The latest polls show that even though the support for Erdogan’s government has weakened, it is still strong enough to make him come out relatively unharmed in the local elections 30th of March this year.
To understand why Erdogan is still popular, it is important to understand some facts about Turkey and Erdogan’s core voters.
Since the dawn of the Turkish Republic, there has been corruption in the country’s politics. I would even go as far as saying that corruption is a part of the culture. It can be seen in the way business is done on the level of neighbourhoods, just as it is seen in national politics. Close informal relations and a sharing of success with close family and friends are normal and in some way accepted. Especially among the conservative part of the population where most of Erdogan’s votes come from.
Thus, many people expect politicians to be corrupted, and that’s why they do not immediately take away their votes from AKP.
Another factor is probably access to information. Many of Erdogan’s voters belong to the about 50 percent of the population that does not have access to Internet. They are on average poor and with low education. News would be obtained by pro-government newspapers such as Yeni Safak, and Sabah, plus teve channels, of which the big majority are also pro-government. To get an impression of how they report, just visit Sabah in English by clicking here. It’s basically propaganda! Critical newspapers such as Sözcu, is primarily sold in the big cities.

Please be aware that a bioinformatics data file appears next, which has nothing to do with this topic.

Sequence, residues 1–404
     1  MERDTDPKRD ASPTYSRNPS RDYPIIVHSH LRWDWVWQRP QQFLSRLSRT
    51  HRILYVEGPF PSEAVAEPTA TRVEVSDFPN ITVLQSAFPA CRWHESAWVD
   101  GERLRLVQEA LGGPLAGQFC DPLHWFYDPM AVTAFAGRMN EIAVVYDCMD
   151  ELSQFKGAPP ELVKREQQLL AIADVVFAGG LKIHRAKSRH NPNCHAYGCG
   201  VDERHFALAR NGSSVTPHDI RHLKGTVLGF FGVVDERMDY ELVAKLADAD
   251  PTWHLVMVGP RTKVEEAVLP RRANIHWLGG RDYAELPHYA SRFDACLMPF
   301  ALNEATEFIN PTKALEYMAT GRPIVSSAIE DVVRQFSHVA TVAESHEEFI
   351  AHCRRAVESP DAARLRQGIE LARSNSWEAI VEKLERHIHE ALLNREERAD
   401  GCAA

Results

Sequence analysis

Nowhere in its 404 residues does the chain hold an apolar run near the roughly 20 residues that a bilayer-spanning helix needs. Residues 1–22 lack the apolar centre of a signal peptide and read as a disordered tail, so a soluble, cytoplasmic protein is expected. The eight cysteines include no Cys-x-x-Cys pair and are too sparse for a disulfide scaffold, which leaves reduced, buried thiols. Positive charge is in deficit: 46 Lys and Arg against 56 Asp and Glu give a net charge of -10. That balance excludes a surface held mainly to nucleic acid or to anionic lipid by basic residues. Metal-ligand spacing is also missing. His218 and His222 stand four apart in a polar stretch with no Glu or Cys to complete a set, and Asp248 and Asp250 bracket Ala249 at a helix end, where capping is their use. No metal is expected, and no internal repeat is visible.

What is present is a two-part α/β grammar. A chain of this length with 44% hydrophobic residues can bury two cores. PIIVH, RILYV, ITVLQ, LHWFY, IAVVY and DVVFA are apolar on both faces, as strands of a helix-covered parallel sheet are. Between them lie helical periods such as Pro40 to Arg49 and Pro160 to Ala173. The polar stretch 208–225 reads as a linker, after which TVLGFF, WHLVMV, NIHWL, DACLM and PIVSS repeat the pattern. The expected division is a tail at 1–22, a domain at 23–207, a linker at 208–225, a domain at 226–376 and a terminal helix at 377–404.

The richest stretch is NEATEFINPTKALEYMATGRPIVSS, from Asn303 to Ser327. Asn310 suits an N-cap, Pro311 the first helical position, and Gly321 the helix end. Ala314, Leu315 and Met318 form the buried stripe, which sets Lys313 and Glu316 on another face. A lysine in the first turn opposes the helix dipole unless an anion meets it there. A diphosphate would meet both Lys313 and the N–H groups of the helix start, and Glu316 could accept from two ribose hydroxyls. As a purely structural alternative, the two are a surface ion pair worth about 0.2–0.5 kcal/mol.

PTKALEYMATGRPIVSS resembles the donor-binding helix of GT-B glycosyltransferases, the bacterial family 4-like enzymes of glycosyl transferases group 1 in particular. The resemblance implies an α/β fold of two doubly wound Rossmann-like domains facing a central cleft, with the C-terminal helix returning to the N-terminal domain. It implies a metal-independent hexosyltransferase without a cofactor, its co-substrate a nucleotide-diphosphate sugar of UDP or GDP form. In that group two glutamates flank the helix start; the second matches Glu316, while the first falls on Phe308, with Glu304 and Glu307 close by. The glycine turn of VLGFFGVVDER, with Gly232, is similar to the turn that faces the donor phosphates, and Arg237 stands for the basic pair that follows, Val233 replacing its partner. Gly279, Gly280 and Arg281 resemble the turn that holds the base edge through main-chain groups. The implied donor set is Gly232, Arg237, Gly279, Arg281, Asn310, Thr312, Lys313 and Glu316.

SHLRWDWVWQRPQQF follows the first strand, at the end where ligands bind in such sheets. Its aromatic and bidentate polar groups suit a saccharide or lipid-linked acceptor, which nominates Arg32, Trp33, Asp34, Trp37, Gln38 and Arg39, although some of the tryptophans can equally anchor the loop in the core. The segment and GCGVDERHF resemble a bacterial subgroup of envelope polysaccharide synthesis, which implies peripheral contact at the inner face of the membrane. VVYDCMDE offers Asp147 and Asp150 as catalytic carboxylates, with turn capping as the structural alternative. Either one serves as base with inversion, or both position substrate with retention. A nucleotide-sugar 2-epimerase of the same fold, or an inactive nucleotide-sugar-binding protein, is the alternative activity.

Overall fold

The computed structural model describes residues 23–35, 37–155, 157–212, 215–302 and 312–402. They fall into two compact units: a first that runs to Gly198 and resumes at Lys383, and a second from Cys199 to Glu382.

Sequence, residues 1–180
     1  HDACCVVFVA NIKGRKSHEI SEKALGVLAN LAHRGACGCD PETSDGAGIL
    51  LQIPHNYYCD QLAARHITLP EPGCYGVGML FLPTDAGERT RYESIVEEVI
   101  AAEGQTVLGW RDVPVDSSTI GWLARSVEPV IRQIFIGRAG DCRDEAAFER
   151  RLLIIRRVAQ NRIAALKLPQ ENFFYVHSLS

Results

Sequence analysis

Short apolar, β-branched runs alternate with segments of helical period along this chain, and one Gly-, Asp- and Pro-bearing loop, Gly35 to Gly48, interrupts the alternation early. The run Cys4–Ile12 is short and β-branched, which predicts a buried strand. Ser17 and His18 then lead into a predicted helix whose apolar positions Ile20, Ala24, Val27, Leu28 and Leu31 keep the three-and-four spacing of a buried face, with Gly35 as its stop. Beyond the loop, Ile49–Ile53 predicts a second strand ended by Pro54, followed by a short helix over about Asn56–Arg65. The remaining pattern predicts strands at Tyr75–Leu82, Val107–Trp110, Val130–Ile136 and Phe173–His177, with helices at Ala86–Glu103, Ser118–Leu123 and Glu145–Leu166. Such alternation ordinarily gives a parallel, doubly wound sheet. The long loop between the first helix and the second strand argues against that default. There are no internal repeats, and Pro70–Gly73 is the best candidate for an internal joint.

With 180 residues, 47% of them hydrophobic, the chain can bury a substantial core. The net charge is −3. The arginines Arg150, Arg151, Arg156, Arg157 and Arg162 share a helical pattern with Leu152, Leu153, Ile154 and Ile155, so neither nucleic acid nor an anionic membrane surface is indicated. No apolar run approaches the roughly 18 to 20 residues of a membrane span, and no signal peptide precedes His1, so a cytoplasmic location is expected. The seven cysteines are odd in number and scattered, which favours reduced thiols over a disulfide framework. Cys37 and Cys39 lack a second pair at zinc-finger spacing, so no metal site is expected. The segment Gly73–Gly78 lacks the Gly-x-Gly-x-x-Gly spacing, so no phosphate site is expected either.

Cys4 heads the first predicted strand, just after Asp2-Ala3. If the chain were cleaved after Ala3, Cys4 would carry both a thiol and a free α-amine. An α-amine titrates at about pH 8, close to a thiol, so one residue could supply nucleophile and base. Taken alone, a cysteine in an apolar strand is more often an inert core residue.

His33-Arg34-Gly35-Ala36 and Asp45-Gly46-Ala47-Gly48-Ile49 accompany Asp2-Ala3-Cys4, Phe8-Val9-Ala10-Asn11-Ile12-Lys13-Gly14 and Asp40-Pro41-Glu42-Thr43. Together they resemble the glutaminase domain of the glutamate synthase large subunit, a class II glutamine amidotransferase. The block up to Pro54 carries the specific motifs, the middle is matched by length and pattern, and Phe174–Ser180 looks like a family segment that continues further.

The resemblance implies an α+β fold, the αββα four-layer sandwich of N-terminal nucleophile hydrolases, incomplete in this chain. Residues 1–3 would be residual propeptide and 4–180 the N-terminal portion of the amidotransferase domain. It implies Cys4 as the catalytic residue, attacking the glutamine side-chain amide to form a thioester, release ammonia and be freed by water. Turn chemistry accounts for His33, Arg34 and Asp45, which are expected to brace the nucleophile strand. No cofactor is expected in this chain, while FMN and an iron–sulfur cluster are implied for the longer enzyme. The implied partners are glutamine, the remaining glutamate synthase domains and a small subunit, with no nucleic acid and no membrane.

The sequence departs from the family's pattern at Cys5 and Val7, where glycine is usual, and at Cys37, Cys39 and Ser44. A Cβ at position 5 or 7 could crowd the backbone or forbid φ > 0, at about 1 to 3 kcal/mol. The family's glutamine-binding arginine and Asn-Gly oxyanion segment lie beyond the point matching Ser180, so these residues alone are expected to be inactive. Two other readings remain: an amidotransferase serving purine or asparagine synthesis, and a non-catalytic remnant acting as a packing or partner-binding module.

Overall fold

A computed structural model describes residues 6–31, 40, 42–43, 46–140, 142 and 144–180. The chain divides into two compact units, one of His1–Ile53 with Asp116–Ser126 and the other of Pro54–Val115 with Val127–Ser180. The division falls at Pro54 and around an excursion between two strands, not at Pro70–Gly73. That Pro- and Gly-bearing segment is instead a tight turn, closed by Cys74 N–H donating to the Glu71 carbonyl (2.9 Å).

However, let’s for the arguments sake say that a conservative and religious voter would decide not to vote for AKP. What party would they then vote for?
Voting for CHP, with their close ties to the old military regime and their emphasis on secularism would be unthinkable for many of them. Voting for MHP, would also be complicated, even though they historically adopted a softer stance on religion.
The lack of alternatives for this group of voters is obvious. On top of that, Erdogan has over the years become a strong symbol for them, which also contributes to their unwillingness to give up on him.
Many therefore agree that the only reason this group would take away their votes from AK Party, would for personal economic ones. Since the Gezi protests the Turkish Lira has depreciated against the dollar with about 30%, whereof more than half has occurred since the 17th of December. It’s implications on the domestic economy is starting to be more and more visible.
The only question is:
Will the effect be felt by AKP’s core voters before the elections?